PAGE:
US20110067659A1 (en) * 2009-09-24 2011-03-24 Makita Corporation Lubrication system for portable four-stroke engine
WO2017083712A1 (en) * 2015-11-11 2017-05-18 Briggs & Stratton Corporation Engine including breather system

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US4911120A (en) * 1987-12-28 1990-03-27 Fuji Jokogyo Kabushiki Kaisha Lubrication system for engines
US4881496A (en) * 1988-05-20 1989-11-21 Tecumseh Products Company Valve mechanism lubrication system for horizontal cylinder overhead valve engine
US4996956A (en) * 1990-03-12 1991-03-05 Briggs & Stratton Corporation Breather apparatus for internal combustion engines
US5176116A (en) * 1990-12-26 1993-01-05 Ryobi Limited Lubricating device of four-stroke cycle engine unit for portable working machine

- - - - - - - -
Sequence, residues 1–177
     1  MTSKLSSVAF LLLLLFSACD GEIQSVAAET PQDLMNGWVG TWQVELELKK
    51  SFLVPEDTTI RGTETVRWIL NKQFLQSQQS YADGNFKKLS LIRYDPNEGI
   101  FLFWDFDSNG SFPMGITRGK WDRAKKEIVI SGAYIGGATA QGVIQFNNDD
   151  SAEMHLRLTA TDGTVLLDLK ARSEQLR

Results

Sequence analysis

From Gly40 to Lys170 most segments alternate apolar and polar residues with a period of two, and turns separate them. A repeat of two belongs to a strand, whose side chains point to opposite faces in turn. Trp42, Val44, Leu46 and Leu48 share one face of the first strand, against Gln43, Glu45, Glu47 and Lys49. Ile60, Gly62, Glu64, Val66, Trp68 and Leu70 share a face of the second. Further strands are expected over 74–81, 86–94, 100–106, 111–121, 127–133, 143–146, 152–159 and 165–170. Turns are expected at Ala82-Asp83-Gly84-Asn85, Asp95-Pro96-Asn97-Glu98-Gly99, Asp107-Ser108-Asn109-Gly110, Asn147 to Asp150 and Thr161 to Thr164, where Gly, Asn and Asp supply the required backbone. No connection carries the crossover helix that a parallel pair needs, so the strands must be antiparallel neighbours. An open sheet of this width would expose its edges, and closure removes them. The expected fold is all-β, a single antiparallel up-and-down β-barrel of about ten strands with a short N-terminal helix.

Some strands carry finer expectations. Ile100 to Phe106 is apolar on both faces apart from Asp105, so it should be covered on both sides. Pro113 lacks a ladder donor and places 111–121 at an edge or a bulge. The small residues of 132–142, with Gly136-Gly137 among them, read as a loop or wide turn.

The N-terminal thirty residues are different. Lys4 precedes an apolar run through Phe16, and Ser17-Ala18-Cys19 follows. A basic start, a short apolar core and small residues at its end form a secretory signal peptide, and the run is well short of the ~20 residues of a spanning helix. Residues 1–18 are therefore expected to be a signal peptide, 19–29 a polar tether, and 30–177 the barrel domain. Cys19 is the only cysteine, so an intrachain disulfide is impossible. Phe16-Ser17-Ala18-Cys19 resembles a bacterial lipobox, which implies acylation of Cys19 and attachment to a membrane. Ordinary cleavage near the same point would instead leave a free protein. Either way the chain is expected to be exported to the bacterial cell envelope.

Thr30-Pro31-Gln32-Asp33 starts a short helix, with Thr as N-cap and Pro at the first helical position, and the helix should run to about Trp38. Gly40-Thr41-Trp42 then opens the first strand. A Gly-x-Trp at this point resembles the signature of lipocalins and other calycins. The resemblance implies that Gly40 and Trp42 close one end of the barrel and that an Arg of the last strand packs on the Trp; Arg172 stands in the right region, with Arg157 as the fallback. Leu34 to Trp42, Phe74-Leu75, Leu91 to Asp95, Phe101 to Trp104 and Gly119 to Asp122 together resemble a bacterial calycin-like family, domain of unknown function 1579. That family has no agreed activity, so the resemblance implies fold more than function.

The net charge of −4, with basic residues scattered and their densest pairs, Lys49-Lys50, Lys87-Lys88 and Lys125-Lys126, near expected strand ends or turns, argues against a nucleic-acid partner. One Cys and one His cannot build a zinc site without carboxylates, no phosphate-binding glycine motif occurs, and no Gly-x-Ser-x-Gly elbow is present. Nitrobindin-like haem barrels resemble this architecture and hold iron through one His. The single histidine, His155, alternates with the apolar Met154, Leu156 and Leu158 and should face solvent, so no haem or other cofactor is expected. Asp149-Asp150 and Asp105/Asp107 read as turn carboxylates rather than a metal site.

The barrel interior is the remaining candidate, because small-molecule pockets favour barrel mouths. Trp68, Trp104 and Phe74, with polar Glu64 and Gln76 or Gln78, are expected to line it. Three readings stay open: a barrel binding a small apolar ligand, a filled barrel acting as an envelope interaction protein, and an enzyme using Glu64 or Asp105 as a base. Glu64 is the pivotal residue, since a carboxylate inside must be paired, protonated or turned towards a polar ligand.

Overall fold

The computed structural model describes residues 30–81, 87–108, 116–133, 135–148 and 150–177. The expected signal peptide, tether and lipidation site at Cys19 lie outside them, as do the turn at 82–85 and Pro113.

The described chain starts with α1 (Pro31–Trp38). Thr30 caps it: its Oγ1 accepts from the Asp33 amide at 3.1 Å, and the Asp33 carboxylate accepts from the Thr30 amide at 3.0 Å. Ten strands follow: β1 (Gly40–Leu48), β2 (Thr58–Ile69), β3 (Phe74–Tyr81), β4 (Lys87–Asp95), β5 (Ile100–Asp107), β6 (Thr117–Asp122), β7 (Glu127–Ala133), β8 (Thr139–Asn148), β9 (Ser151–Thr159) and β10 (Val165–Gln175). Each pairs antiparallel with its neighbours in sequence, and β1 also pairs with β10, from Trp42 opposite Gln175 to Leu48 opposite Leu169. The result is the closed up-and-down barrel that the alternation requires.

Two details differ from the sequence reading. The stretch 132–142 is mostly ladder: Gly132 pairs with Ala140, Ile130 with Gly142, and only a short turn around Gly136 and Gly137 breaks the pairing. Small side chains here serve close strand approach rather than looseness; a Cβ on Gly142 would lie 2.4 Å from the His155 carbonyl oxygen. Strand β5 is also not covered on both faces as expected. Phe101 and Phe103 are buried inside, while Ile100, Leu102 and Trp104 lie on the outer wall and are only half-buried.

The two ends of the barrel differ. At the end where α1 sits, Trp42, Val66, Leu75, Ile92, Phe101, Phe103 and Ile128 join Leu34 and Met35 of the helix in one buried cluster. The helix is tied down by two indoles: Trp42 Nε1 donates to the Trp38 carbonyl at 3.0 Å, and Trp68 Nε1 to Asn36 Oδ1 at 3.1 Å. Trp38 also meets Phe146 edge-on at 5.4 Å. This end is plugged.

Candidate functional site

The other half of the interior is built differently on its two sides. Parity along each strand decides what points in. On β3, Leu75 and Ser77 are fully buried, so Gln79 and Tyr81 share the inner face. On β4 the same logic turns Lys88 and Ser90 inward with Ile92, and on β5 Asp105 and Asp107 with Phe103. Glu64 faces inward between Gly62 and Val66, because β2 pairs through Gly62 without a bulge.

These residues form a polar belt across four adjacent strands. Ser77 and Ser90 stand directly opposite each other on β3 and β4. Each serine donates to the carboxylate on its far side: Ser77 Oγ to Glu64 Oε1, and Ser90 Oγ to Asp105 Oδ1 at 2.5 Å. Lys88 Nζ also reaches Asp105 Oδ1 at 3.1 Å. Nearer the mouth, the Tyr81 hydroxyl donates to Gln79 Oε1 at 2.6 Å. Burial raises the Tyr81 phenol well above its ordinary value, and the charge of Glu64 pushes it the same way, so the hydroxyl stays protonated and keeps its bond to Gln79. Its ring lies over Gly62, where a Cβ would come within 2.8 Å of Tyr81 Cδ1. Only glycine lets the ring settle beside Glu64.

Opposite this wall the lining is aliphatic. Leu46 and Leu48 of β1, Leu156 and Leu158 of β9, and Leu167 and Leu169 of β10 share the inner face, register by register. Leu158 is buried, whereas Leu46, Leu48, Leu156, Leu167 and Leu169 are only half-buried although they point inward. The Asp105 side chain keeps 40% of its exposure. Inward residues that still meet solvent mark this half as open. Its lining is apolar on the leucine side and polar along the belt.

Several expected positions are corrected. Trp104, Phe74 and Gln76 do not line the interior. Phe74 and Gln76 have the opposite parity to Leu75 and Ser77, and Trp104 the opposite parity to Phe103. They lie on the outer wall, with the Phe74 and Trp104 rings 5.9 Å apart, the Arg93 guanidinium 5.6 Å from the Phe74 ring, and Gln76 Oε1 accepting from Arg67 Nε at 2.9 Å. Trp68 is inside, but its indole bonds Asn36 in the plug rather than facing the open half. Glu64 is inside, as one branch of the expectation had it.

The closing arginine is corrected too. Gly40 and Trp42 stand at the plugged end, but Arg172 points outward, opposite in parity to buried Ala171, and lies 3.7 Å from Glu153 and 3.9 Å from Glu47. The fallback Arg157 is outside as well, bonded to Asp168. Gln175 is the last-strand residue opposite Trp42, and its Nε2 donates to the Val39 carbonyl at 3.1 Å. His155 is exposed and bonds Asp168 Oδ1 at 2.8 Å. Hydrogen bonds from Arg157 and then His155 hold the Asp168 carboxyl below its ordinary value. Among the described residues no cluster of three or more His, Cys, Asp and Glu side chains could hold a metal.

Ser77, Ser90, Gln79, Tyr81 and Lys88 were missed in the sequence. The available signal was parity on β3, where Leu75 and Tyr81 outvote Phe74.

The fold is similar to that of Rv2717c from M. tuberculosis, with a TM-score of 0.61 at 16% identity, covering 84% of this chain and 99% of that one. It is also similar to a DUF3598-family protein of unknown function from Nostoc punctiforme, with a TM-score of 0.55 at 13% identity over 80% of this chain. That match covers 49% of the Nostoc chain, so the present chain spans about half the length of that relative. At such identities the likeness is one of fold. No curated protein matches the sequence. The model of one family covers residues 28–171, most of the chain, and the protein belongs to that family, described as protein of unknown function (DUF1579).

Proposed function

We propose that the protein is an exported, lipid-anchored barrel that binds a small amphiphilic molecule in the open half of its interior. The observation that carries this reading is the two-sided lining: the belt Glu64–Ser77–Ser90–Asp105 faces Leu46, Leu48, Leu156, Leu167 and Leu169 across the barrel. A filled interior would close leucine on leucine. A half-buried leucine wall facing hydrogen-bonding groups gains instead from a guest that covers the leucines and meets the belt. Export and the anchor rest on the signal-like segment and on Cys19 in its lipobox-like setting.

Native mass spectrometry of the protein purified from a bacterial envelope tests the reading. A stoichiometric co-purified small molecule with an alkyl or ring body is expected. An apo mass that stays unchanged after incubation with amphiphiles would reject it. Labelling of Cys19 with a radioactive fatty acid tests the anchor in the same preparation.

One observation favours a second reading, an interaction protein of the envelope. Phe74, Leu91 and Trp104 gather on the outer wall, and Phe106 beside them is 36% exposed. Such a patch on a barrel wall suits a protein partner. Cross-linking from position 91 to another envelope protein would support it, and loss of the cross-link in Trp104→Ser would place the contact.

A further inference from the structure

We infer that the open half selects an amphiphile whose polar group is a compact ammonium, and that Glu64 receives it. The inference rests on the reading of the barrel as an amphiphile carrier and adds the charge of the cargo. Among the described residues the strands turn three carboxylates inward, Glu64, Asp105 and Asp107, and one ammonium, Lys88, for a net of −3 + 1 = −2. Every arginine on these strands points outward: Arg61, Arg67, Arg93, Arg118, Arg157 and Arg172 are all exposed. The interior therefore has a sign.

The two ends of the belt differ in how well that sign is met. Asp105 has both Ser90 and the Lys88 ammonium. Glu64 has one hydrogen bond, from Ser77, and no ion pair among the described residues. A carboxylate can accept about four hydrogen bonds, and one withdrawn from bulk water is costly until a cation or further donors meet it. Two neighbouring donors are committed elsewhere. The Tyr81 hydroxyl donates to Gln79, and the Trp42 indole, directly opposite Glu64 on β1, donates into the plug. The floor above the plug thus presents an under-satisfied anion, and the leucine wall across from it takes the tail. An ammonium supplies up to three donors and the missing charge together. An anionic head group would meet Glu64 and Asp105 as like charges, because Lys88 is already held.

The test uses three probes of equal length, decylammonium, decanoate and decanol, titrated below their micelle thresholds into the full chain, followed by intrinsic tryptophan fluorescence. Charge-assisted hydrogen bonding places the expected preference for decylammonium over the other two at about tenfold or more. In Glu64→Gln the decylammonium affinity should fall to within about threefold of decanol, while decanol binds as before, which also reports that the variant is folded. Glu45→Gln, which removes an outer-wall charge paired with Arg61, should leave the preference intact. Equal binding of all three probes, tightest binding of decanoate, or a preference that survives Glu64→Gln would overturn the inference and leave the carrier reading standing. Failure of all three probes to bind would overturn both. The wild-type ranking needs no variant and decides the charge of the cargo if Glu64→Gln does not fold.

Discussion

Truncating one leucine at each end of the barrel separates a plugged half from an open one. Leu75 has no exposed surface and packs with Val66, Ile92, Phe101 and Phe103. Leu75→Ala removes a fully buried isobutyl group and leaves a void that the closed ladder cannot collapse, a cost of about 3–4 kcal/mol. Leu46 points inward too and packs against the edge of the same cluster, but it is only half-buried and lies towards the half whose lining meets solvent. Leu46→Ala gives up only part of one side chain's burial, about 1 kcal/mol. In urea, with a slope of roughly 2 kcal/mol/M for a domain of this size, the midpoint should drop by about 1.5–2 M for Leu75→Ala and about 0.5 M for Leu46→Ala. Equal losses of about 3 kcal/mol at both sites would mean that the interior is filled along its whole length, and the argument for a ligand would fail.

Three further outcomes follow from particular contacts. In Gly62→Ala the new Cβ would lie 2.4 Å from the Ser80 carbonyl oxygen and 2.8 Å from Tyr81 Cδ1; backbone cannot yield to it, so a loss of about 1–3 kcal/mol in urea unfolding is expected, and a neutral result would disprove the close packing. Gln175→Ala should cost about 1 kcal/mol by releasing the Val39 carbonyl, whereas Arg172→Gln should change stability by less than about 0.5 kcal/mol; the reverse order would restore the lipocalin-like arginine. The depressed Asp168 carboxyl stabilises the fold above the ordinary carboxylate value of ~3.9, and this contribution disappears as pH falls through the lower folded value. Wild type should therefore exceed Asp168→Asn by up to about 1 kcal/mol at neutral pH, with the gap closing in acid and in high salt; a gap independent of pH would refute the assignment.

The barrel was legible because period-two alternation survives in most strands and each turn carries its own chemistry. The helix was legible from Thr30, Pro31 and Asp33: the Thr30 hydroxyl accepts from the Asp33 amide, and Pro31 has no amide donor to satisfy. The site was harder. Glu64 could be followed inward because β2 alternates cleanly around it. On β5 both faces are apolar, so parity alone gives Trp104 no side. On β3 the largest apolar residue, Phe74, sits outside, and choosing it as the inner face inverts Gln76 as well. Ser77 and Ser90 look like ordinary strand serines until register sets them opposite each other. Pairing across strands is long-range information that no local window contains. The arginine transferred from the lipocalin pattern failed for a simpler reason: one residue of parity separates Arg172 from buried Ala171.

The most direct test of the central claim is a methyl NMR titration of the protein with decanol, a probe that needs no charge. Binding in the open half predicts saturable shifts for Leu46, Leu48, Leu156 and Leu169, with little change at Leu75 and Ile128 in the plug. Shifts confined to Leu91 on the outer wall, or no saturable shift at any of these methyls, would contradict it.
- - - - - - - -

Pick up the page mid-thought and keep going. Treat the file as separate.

US5058542A (en) * 1991-01-28 1991-10-22 Briggs & Stratton Corporation Rocker box cover assembly for internal combustion engine
US6622688B2 (en) 1991-12-02 2003-09-23 Mtd Southwest, Inc. Operator carried power tool having a four-cycle engine and an engine lubrication method
US6227160B1 (en) 1991-12-02 2001-05-08 Mtd Southwest, Inc. Operator carried power tool having a four-cycle engine and engine lubrication method
EP0884455A3 (en) * 1991-12-02 1999-01-13 Ryobi North America, Inc. Internal combustion engine
US5738062A (en) * 1991-12-02 1998-04-14 Ryobi Outdoor Products, Inc. Operator carried power tool having a four-cycle engine
US20040107938A1 (en) * 1991-12-02 2004-06-10 Everts Robert G. Operator carried power tool having a four-cycle engine and an engine lubrication method
US5579735A (en) * 1993-06-25 1996-12-03 Mcculloch Corporation Four-stroke internal combustion engine
US5347967A (en) * 1993-06-25 1994-09-20 Mcculloch Corporation Four-stroke internal combustion engine
US5421292A (en) * 1993-07-23 1995-06-06 Ryobi Outdoor Products Cylinder head assembly
US6257187B1 (en) * 1999-05-06 2001-07-10 Caterpillar Inc. Pivot shaft for an internal combustion engine